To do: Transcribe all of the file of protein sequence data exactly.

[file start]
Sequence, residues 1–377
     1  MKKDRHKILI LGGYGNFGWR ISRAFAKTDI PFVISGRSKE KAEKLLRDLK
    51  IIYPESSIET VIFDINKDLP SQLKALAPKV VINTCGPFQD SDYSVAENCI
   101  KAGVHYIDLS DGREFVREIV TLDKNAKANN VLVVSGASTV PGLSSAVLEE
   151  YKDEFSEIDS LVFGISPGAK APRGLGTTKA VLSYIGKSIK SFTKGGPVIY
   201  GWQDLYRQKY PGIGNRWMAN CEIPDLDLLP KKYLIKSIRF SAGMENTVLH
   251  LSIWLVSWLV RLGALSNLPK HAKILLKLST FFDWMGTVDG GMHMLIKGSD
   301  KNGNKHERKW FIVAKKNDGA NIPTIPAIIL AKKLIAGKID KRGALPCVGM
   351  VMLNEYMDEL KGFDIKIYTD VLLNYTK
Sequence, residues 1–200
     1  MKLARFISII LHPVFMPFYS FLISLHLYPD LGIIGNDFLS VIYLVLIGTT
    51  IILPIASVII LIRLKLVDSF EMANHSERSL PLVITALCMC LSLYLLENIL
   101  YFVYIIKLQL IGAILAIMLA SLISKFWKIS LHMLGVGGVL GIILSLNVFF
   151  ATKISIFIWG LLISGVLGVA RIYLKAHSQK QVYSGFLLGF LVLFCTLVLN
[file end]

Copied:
Sequence, residues 1–377
     1  MKKDRHKILI LGGYGNFGWR ISRAFAKTDI PFVISGRSKE KAEKLLRDLK
    51  IIYPESSIET VIFDINKDLP SQLKALAPKV VINTCGPFQD SDYSVAENCI
   101  KAGVHYIDLS DGREFVREIV TLDKNAKANN VLVVSGASTV PGLSSAVLEE
   151  YKDEFSEIDS LVFGISPGAK APRGLGTTKA VLSYIGKSIK SFTKGGPVIY
   201  GWQDLYRQKY PGIGNRWMAN CEIPDLDLLP KKYLIKSIRF SAGMENTVLH
   251  LSIWLVSWLV RLGALSNLPK HAKILLKLST FFDWMGTVDG GMHMLIKGSD
   301  KNGNKHERKW FIVAKKNDGA NIPTIPAIIL AKKLIAGKID KRGALPCVGM
   351  VMLNEYMDEL KGFDIKIYTD VLLNYTK
Sequence, residues 1–200
     1  MKLARFISII LHPVFMPFYS FLISLHLYPD LGIIGNDFLS VIYLVLIGTT
    51  IILPIASVII LIRLKLVDSF EMANHSERSL PLVITALCMC LSLYLLENIL
   101  YFVYIIKLQL IGAILAIMLA SLISKFWKIS LHMLGVGGVL GIILSLNVFF
   151  ATKISIFIWG LLISGVLGVA RIYLKAHSQK QVYSGFLLGF LVLFCTLVLN